The Pentagon’s latest budget estimate for standing up a new separate Space Force could be less than $10 billion, the department’s number-two civilian told reporters Nov. 15.

Deputy Defense Secretary Patrick Shanahan said at the Pentagon that the current budget estimate is “a single digit, not a double digit” in billions of dollars, adding “it could be lower than five” billion dollars.

Deputy Secretary of Defense (DSD) Patrick M. Shanahan speaks to Keystone class 18-1 at the Pentagon, March 13, 2018. Keystone educates Command Senior Enlisted Leaders serving in or slated to serve in general or flag officer level joint or service headquarters. DSD Shanahan spoke about the Secretary’s lines of effort for the department. (DoD Photo by U.S. Army Sgt. James K. McCann)
Deputy Secretary of Defense (DSD) Patrick M. Shanahan speaks to Keystone class 18-1 at the Pentagon, March 13, 2018. (DoD Photo by U.S. Army Sgt. James K. McCann)

The Defense Department is expected to finalize its plans to stand up a Space Force by Dec. 1 so they can be included in the fiscal year 2020 presidential budget request, which should be submitted to Congress early next year. The Pentagon is planning to submit its legislative proposal on the Space Force on that timeline “so that Oct. 1 of next year, we can say, ‘Here’s the birthday of the Space Force,’” he said.

Such a cost estimate would be well below the $13 billion number that the Air Force reportedly submitted to the Pentagon and the White House in September, which analysts considered to be about the highest possible amount it would take to field a separate military branch for space.

Air Force Secretary Heather Wilson said Thursday that “whatever [budget] is put forward needs to implement the president’s proposal, and that was what we put forward.”

“Our cost estimate that we gave to a lot of people in the Pentagon in September was the cost of a fully fledged standalone department and also a unified combatant command,” she said at the Defense One Summit in Washington, D.C.

An Aug. 9 Pentagon report to Congress revealed several steps the department could take to improve its space architecture without requiring legislative approval, to include standing up a new U.S. Space Command and launching a space development agency (Defense Daily, Aug 9). The Pentagon is moving forward with several of those efforts, and is looking to confirm a new combatant command commander in the first quarter of 2019, Shanahan said Thursday.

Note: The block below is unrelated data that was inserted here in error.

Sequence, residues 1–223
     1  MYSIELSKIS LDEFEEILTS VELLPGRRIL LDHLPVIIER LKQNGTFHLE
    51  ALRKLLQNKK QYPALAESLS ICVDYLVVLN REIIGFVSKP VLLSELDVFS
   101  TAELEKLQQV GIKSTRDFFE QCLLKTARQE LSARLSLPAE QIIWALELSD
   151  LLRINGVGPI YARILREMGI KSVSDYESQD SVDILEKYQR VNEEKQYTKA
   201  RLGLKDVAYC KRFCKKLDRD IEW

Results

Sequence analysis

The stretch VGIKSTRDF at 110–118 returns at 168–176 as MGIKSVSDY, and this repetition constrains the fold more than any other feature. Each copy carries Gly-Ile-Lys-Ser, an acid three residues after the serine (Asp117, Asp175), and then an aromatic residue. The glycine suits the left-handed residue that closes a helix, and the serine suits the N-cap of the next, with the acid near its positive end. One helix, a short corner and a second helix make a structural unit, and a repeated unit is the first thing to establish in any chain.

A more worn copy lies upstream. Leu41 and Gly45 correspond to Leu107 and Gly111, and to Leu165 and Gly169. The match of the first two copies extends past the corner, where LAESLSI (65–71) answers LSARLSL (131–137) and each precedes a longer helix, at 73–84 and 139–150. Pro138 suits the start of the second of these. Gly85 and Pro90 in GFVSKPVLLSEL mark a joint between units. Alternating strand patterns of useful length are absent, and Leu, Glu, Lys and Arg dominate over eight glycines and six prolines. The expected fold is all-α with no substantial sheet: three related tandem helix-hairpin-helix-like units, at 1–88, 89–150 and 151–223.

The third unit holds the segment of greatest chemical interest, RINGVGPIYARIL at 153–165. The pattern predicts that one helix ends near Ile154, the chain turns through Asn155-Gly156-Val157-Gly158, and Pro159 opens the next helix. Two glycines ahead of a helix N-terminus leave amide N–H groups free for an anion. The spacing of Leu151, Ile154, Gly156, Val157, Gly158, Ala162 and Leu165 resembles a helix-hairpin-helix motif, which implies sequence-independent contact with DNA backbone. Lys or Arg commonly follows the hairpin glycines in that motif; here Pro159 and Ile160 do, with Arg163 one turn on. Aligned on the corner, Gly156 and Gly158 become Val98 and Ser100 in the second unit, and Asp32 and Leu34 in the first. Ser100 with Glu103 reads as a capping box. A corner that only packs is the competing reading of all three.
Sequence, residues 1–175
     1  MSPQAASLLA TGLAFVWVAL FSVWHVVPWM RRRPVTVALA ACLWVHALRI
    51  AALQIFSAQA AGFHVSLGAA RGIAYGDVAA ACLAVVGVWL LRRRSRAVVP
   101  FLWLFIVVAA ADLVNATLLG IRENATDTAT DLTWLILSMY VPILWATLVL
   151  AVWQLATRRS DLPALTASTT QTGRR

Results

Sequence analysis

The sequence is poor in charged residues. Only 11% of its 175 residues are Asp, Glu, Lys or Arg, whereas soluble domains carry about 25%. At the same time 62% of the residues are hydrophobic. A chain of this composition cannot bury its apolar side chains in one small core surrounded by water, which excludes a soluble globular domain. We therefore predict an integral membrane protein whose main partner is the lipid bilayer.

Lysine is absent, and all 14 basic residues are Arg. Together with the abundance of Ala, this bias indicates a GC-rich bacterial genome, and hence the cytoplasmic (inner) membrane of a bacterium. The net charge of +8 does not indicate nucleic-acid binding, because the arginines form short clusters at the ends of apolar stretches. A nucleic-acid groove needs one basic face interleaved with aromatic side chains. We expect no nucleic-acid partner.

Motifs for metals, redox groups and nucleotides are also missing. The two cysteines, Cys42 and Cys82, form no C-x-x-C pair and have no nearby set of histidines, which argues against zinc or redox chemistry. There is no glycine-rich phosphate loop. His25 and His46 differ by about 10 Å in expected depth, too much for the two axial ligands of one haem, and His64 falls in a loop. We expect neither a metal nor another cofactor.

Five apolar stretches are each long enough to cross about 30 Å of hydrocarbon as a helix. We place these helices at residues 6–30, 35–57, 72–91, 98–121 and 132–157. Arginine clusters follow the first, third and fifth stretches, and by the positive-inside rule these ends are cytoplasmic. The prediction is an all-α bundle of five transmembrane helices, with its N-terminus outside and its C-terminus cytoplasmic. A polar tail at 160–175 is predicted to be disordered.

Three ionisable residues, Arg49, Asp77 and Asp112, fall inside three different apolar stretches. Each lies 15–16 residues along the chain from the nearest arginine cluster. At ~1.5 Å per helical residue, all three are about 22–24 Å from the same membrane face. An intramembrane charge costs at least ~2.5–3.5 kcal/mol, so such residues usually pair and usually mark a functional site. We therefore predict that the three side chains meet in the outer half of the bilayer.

The space development agency could have a leader even sooner than that, he said, adding “I’d love to make it this year.”

“That’s really kind of the discussion we’re having right now is … what is that work, and then who would we assign to lead that effort,” Shanahan said.

Whether the Defense Department ultimately submits a cost estimate that’s above $10 billion or below, President Trump’s administration will have to contend with a newly Democratic-led House that is expected to be critical of the need and feasibility of standing up a sixth military branch (Defense Daily, Nov. 7).

But Shanahan was optimistic about working with the likely new chairman of the House Armed Services Committee, Rep. Adam Smith (D-Wash.) on the matter, and said DoD is “really diligently putting together a proposal that can withstand the cost scrutiny questions.”

“On the Space Force itself, across the board, everyone has said, accelerate your ability to deliver capabilities,” he said. “That’s been universal, and I think with potentially Chairman Smith in place, … he wants to focus on cost and efficiency, so I think those are kinds of questions that we’ll be expected to address.”

He anticipates there will be debate over the “degrees of cost” to fund the Space Force but that “the proposal that we’re going to carry forward makes sense.”

Wilson, a former Republican congresswoman from New Mexico, agreed that a debate and discussion with Congress on the Space Force is imminent, but that the Air Force remains responsible for ensuring “that we are ready and lethal in both air and space.”

“America is the best in the world in space, and our adversaries know it. And they are seeking to develop the capability to deny us the use of space in crisis or war, and we’re not going to let that happen,” she said.